► The youngest son: Necmettin Bilal Erdogan (35) Again and again the Erdogan-son shows up in the media in connection with dubious and criminal activities.

    Corruption scandal 2013 

    The accusation: Bilal Erdogan obtained public land in downtown Istanbul for less than 500 million -- against its actual market value of one billion dollars. Supposedly Bilal paid a three million US dollar bribe. The judicial authorities have also implicated Bilal's Türgev Foundation, which is actually is no more than a network of private schools, in this regard. Allegedly the foundation received land through the intermediary of Erdogan's AKP party without paying for it. Bilal Erdogan was supposed to be indicted, even threatened with imprisonment. His father, then prime minister, had the prosecutor unceremoniously relieved from his duties.

    The opposition demanded the resignation of Erdogan as prime minister.
    This was prompted by alleged recordings of telephone conversations with Bilal, which appeared on the Internet. The calls took place mainly on 17 December, 2013. On the day dozens suspects from the ruling AKP party were arrested under suspicion of corruption.
    On the recordings allegedly Erdogan warned his son to remove the cash he kept in his house.
    "Put away everything that is in your house," the voice of the older caller says in a telephone conversation, the time is given as 8:02 in the morning. "Your money is safe," replies the younger voice. In another conversation, the time is given as 23:15, and the younger voice says that 30 million euros could be not "shed." Then asks: "Do you want some money left with you?" In a fifth and last call the older voice warns: "Son, you're bugged."

    Trading ISIS oil 
    The British newspaper The Guardian revealed last year that Turkish businessmen had concluded lucrative contracts with the ISIS terrorists: At least ten million dollars a week was flowing into the war chests of the killer militia - more than 500 million dollars a year. One of these businessmen was thought to be Bilal Erdogan.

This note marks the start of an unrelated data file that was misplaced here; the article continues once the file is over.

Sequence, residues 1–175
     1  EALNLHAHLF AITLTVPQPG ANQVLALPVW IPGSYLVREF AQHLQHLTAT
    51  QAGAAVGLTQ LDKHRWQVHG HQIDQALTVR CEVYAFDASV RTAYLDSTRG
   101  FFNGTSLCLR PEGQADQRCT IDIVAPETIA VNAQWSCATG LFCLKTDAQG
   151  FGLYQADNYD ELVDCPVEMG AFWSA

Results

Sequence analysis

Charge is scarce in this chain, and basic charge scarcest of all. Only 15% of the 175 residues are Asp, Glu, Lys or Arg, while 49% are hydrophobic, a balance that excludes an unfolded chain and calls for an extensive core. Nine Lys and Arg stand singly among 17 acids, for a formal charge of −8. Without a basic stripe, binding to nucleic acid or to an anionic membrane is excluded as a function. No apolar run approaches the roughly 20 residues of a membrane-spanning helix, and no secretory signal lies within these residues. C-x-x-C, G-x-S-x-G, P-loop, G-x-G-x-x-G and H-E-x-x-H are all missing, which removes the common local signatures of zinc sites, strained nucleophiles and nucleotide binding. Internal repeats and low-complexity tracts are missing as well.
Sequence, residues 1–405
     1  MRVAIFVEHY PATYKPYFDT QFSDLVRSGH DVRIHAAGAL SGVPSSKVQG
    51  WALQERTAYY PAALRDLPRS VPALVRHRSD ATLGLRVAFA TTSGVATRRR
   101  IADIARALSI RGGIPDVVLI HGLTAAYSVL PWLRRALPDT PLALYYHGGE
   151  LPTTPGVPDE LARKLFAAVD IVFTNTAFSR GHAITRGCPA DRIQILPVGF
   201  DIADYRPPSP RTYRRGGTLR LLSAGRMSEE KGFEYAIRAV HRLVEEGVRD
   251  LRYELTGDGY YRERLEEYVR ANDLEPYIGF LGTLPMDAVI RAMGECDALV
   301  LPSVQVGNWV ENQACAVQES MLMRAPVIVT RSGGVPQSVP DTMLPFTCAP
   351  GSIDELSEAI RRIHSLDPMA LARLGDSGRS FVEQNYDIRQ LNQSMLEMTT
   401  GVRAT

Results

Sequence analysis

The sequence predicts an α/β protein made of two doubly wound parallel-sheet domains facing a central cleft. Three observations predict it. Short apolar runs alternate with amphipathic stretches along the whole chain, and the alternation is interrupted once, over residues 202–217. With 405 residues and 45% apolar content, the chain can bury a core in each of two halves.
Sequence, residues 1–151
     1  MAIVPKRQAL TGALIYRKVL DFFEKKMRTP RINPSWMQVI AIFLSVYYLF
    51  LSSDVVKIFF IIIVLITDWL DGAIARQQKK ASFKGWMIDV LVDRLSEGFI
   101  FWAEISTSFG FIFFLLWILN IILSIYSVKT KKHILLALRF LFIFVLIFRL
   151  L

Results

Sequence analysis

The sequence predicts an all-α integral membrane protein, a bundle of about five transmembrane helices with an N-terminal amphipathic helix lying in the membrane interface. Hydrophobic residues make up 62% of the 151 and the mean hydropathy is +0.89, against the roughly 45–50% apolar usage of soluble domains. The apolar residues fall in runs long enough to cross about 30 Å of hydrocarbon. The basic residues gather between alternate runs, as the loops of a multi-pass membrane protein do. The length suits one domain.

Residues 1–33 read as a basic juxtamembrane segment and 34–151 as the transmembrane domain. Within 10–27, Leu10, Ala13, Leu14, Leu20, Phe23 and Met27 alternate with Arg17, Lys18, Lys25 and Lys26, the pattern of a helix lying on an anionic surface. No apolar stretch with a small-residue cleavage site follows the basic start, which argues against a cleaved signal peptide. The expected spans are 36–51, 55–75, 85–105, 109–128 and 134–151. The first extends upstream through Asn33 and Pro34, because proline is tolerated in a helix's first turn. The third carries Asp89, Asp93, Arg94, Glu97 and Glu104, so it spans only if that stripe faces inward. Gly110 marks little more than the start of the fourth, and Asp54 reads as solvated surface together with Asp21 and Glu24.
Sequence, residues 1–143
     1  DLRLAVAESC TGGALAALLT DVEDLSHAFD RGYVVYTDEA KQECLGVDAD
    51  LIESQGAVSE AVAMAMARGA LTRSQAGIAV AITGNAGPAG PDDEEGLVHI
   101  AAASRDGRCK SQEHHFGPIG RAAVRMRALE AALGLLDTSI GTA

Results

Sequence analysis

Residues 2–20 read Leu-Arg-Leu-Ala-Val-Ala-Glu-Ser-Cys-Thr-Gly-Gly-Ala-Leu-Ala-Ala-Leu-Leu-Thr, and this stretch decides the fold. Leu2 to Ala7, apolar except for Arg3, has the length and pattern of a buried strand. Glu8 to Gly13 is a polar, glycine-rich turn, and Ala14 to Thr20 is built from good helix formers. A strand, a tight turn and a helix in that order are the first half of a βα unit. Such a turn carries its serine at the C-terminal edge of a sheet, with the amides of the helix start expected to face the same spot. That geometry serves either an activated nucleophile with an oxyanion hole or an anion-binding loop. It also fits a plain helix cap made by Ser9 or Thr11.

Since September 2015, he has been living with his family in Bologna, Italy - officially to finish writing his doctoral dissertation. Since March the authorities there are investigating him on the subject of money laundering. The accusation: He is there to whitewash the family fortune, which comes from the corruption scandal.

    ► The oldest daughter Esra Erdogan (34)
    Esra Erdogan also was involved in the 2013 corruption scandal. She sits next to her brother on the board of the dubious Türgev Foundation. Her husband could be the new Turkish Prime Minister after Davutoglu's resignation. He is considered a prime candidate and a faithful companion of his father-in-law.

    Erdogan himself had arranged the marriage of his daughter with the political hopeful. 

    ► The youngest daughter: Sümeyye Erdogan (30) While the other children are barely interested in politics, Sümeye was already at age 25 appointed honorary consultant to her father - she accompanies him on trips abroad and acts as an interpreter for him. So far, her path to the Turkish Parliament is barred because wearing headscarves in the parliament is prohibited.

    Incidentally, the tuition fees for the Erdogan sprouts at US universities, which at times amounted to EUR 100 000 per year, were paid by the textile entrepreneurs Remzi Gür. An act of friendship, as stated on the part of the family. Speculation about any quid-pro-quo has occurred only behind closed doors.
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    Item Reviewed: The Erdogan family business Rating: 5 Reviewed By: Tom Winter